(Editor’s note: This is Part 1 of a two-part series discussing the battle between science and public policy in America)
President Donald Trump may waver on several policy issues, but one area in which there can be little doubt about his intentions is creating a pro-growth, pro-business environment. In the United States, this is an agenda which cannot be moved forward without a strong pro-energy stance. The progressive movement, which has gambled heavily on its crusade to shape global economies around radical environmentalist policies, is now faced with the prospect of fighting an administration determined to roll back that crusade.
To progressives, winning the environmental argument is the Holy Grail that gives them the power to control education, finance, trade, healthcare, technology, and infrastructure development. If the world’s political leaders can be coerced into making policy that is primarily driven by the need to prevent anthropomorphic climate change from irrevocably damaging the natural environment, then just about every aspect of human activity can be strictly regulated.
In Barack Obama, the left had a champion who could wield real power in this fight. They could almost smell victory and, after Obama, they knew Hillary Clinton would eagerly pick up the torch and further advance their quest for political and economic domination through environmentalism.
Then the unthinkable happened; Donald Trump’s brash, boisterous and optimistic message swept aside the bland and unappealing Clinton platform of “vote for me, or we’re all doomed.” America was built on optimism. Barack Obama understood something that Clinton never could; in America, optimism trumps pessimism every time; it is the pun that could almost have been The Donald’s campaign slogan.
Pessimism, however, is what powers the message of anthropomorphic climate change; that our very way of life will destroy us all and that it’s almost too late to save us. Most Americans aren’t buying it and never did, so the progressives turned to science. Citing endless scientific studies and government reports, the radical environmentalists browbeat their opponents with scientific data showing the “dangers” of climate change. Dare to question them, and they express outrage that their science is being questioned. Science, however, is all about questioning, challenging, developing theories and then putting those theories to the test, using pure, untainted and completely objective scientific investigation and research. Any scientific theory that is ‘proven’ by those determined only to prove it is no valid theory.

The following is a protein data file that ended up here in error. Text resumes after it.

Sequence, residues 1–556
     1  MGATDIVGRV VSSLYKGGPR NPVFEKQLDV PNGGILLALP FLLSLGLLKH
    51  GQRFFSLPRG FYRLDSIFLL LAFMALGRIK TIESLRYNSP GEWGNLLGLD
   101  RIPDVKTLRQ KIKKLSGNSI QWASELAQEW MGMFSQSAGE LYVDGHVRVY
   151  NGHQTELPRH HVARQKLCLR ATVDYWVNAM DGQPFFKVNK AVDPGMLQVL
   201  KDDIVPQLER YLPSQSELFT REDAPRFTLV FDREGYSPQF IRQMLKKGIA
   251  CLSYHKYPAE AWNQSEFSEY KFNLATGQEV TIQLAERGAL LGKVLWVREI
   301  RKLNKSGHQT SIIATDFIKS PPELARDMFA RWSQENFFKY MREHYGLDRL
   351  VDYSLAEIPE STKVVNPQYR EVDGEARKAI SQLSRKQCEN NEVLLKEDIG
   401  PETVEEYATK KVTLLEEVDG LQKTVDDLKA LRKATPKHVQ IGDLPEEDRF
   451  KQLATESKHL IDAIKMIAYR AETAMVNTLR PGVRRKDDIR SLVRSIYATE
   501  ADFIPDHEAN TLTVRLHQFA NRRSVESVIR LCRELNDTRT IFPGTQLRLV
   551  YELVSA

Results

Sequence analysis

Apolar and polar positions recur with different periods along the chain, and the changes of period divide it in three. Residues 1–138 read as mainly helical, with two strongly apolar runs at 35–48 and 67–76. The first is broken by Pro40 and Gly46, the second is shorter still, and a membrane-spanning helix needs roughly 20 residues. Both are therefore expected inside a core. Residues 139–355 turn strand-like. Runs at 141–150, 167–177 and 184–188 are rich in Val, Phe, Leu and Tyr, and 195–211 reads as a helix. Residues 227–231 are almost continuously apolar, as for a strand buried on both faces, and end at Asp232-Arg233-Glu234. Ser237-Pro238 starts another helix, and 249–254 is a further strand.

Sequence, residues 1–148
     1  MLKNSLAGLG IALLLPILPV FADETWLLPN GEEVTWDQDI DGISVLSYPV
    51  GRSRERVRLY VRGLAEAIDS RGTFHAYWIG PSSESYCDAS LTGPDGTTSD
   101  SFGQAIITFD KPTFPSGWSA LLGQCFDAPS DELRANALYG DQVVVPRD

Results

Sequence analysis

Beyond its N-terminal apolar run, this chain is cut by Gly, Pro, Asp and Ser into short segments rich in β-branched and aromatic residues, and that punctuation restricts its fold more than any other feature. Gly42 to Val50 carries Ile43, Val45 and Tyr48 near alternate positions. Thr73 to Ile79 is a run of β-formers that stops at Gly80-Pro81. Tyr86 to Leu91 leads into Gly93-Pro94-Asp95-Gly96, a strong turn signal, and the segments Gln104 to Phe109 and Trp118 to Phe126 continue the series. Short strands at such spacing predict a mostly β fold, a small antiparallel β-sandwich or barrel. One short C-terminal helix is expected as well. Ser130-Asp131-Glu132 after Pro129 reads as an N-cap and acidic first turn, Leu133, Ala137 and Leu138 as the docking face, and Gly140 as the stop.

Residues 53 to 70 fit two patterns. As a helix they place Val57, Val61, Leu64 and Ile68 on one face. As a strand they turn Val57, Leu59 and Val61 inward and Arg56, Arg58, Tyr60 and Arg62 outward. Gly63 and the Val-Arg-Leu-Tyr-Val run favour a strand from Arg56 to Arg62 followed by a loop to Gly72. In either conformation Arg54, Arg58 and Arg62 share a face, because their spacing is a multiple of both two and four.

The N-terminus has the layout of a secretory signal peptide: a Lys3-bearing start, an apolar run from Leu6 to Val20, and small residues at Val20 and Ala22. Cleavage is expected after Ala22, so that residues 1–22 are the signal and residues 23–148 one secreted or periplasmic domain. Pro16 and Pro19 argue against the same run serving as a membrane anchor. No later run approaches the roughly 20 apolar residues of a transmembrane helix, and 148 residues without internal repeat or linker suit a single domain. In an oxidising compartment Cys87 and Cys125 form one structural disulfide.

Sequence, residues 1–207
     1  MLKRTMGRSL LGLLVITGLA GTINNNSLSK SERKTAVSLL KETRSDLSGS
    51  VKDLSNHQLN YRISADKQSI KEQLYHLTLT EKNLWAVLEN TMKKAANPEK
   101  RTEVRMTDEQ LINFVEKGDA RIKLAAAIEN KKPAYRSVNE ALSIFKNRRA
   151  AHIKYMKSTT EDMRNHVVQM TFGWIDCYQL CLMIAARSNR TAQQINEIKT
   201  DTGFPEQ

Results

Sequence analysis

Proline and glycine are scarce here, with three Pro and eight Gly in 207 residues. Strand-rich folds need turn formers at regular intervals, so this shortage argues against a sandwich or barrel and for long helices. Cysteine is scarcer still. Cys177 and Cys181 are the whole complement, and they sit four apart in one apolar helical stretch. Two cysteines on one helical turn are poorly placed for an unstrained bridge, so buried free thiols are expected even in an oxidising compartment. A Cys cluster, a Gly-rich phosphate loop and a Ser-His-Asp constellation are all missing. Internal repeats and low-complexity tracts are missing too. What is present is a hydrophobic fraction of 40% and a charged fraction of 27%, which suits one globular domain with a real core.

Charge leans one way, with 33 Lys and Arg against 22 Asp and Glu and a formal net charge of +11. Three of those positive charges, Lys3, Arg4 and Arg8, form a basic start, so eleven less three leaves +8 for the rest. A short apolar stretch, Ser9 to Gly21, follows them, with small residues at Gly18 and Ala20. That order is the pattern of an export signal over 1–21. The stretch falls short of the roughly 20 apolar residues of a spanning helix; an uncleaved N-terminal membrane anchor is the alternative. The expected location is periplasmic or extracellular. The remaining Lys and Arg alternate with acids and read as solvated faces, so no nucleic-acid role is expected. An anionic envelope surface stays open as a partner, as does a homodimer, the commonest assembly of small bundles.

Trump has fired the first salvo in what will, no doubt, become the most tumultuous fight his administration will face in the next four years. He appointed Scott Pruitt to lead the Environmental Protection Agency (EPA); a man who has come to be known as, possibly, the agency’s fiercest critic.
Progressives are now looking at an all-out assault upon one of their centerpiece strategies, and they’re very worried.
The March For Science is their counter-punch. Portrayed as a movement to protect, defend and promote all things science, it made an early appearance this past weekend in Boston, Massachusetts, with a public demonstration. Per Scientific American, the event was sponsored by the Sierra Club of Massachusetts, Greenpeace USA and an obscure group calling themselves the Union of Concerned Scientists, which – on its web page – rages against “notorious climate deniers,” ExxonMobil and “corporate attacks”; mostly, however, they ask for money.
The heavy political bias of each one of these organizations should not be lost on anyone. Even as the progressive left pretends to champion science, it has no interest at all in objective scientific research. As Al Gore used to say (on his way to amassing a personal fortune of some $300 million) “the science is settled.”
The science, however, is never settled until proven beyond all possible question – something that not one reputable scientist anywhere is willing to say, regarding the question of man-made global warming.
This fight is just getting underway. President Trump means to scale back environmental regulation, to unleash the full potential of American commerce and energy production. The progressives aim to fight tooth and nail to preserve their most potent weapon — environmentalism. It is a battle that neither side can afford to lose and it will be the most heated policy battle this country will see for years to come.
(Tomorrow: Part 2 of this series as we continue to examine the battle over environmental control.)